A quirky little postal history item, and a great addition to any KGV heads “usage” exhibit.


“The Black Empress”


The best known stamp of Canada is without doubt the 1851 “12 Pence Black”.

It has always been very scarce, and has always been highly catalogued.  Only 1,450 were issued, and few survived.



 A MUH stamp from 1851!



2011 Scott catalogue is $125,000 for mint with gum, and $80,000 for no gum.  It is also SG 4 catalogued at £170,000 mint, on vertically Laid paper.

Shreves/Spink in the USA auctioned this lovely looking example nearby on January 27 and called it "The Black Empress"

Many thanks to Shreves for the high resolution scans .. probably the finest images of this stamp published in any magazine, anywhere.


A range of wrong guesses!


I ran a guessing poll on this stamp, and asked stampboards members to guess the price it sold for - without telling them the auction house.

After 54 votes were cast – clearly some by folks who knew the actual result, we got the table nearby.


The correct answer came in FOURTH!



The stamp sold for $US489,000 when Buyer Premium was added.  The correct answer (#6) came in fourth in this poll! has all the comments made by collectors on this poll, and the likely value.

The stamp was accompanied by a 1965 letter from J.N. Sissions, the highly regarded Canadian auctioneer.

Sissions described the stamp as:  “genuine and flawless, brilliant original gum, never hinged and immaculate in all respects.  I believe it to be the finest existing copy.”

In addition, the stamp was recently submitted to the Philatelic Foundation in New York City to obtain an updated report on its genuineness and condition.




On May 3, 2010 the PF issued certificate #486541 and stated the stamp is: “unused, o.g., genuine, never hinged.”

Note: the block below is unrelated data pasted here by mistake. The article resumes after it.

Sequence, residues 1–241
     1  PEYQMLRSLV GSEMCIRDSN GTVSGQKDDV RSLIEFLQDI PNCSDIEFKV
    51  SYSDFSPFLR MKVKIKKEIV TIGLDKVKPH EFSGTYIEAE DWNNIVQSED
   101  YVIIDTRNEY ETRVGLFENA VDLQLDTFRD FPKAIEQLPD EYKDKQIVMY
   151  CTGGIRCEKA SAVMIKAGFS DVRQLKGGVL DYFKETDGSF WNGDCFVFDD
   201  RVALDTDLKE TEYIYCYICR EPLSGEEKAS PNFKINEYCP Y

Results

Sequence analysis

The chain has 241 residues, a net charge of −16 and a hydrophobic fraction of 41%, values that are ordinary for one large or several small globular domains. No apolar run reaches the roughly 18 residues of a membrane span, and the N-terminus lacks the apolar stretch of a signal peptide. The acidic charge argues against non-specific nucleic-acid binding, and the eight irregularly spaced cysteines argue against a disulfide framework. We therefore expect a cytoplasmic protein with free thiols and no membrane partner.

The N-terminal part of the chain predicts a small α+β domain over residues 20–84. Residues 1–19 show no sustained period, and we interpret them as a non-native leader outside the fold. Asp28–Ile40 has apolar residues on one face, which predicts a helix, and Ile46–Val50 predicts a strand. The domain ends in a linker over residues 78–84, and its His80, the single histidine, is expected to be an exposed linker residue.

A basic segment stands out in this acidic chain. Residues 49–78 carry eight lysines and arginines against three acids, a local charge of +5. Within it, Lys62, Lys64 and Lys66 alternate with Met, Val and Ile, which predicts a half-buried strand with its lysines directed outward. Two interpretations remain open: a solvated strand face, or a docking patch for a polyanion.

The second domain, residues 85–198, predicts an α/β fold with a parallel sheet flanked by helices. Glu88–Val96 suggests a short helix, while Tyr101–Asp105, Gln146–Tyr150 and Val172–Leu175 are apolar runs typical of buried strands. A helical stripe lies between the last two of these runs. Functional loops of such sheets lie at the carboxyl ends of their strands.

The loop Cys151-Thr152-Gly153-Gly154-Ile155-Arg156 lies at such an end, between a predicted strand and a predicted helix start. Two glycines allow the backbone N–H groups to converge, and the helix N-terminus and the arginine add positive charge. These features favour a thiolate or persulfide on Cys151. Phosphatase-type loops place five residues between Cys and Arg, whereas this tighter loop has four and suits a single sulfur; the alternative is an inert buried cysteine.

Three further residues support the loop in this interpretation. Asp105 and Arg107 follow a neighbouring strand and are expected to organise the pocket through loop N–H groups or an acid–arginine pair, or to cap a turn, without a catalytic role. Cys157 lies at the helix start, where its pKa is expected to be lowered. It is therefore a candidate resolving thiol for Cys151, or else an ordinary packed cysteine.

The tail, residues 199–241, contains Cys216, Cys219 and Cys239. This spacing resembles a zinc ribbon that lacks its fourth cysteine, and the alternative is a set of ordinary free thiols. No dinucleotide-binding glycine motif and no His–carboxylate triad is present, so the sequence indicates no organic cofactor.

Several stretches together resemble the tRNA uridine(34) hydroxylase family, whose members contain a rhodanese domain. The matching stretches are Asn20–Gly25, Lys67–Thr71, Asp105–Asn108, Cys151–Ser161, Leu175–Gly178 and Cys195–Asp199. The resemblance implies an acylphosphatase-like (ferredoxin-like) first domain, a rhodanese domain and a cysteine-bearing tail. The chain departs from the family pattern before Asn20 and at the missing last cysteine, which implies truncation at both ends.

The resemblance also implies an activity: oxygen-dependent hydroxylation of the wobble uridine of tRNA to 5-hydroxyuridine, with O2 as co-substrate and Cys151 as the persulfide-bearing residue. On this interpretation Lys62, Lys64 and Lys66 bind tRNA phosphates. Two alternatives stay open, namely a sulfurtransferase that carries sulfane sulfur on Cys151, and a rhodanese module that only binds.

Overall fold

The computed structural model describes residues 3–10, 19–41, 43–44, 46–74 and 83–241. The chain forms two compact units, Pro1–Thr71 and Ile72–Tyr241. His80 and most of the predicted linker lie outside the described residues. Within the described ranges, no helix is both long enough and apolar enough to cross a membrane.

Furthermore, the PF assigned the numeric grade of “Superb 98” to the stamp - a grade that is almost never assigned to any classic stamp, let alone a rarity.

The last original gum, premium quality, mint example of the 12d Black was in Spink/Shreves November 2009 sale of the William H. Gross collection of "Important British North America".

That copy realized $US299,100 (including the buyer’s premium).  While the Gross example was a choice stamp, its margins are not near as large as those on “The Black Empress”.

More significantly, it was hinged, as is every other known single or pair – except for the example auctioned recently.

In general I feel anyone buying "MUH" high values even from 100 years back, needs to see a psychiatrist, due to the actions of re-gummers, but this one is totally beyond doubt.

It is one of the most famous stamps on the globe in ANY condition, and to have one in genuine pristine UNHINGED MINT from 1851, almost beggars belief!

In my view it was a bargain, and if I had the money I'd have bought it in a heartbeat. Someone will do VERY nicely out of this next time it is sold.







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Mongolia $US465,000+ cover.